One of Luongo’s teammates during his second Panthers tenure, Shawn Thornton, is also working with the team in retirement, on the business side. He serves as the club’s chief commercial officer, overseeing all revenue generation, including corporate partnerships, ticket sales and marketing and community relations.


The Panthers have typically been in the bottom third of the league’s attendance figures, ranking 30th in 2018-19, the last complete 82-game season before the pandemic. The team had seen improvement before the 2019-20 season paused in March 2020, Thornton said.


When Viola and Doug Cifu took over, they found that up to 5,000 free tickets a game were being issued into the marketplace, Caldwell said. In the 2008-09 season, a first-time fan with a Florida driver’s license could even get in the door at no charge.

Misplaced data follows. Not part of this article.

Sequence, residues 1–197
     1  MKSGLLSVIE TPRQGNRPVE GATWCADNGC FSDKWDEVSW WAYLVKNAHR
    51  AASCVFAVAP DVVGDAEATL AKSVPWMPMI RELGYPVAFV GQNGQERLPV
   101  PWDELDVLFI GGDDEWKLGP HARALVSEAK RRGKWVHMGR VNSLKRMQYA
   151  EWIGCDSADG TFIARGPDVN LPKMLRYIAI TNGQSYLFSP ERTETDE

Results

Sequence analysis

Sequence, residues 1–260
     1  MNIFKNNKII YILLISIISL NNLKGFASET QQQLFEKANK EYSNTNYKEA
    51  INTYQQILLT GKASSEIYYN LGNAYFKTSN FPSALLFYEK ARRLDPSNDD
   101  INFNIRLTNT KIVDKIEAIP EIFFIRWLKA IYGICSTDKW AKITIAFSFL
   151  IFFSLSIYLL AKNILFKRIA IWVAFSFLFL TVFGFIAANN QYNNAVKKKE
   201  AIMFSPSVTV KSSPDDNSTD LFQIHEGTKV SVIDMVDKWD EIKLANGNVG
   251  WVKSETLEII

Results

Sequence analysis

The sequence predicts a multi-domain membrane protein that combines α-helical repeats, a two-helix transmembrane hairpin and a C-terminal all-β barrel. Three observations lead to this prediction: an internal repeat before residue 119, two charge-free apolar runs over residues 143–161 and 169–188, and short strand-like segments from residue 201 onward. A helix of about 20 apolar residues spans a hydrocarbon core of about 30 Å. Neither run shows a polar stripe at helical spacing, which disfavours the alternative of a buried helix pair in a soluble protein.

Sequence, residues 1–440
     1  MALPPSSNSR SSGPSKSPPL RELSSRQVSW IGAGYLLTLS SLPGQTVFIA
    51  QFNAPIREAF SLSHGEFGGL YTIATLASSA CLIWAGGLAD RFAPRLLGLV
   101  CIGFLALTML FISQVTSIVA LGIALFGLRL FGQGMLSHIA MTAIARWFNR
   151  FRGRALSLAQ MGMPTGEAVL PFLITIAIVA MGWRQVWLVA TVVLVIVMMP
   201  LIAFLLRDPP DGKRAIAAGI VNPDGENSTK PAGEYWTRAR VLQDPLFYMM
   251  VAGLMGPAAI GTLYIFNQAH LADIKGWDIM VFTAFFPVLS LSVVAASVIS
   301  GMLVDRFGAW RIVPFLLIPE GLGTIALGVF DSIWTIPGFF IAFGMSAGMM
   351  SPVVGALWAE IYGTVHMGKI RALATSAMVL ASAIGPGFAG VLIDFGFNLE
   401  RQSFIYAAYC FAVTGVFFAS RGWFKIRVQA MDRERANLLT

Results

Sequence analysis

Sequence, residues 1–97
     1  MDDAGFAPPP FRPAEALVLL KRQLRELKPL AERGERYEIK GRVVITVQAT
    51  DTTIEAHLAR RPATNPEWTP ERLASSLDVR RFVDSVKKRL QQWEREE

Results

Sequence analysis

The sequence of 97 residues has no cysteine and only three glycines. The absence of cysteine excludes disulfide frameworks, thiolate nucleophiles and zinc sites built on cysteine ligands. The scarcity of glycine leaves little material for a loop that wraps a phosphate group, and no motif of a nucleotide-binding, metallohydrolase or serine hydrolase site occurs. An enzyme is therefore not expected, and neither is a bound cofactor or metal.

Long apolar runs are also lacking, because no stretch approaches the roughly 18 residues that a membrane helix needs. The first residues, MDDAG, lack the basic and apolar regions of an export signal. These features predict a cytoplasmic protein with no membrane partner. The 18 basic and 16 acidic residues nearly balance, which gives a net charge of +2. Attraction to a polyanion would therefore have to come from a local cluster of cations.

The organization made the decision to turn off the tap and establish a price-integrity program. Some complimentary access was still granted to worthy community groups such as youth hockey teams and Boys and Girls Clubs. But for the most part, customers were assured that they weren’t paying for a ticket that someone else had obtained for free, or close to it.


“We said we have to be committed,” Caldwell said. “We have to have respect for our product.”


Not surprisingly, average attendance initially took a significant dip. Eventually, once fans understood that they’d have to pay the regular price to get through the gates, it started to rebound. As that demand increased, prices and revenues went up in lockstep.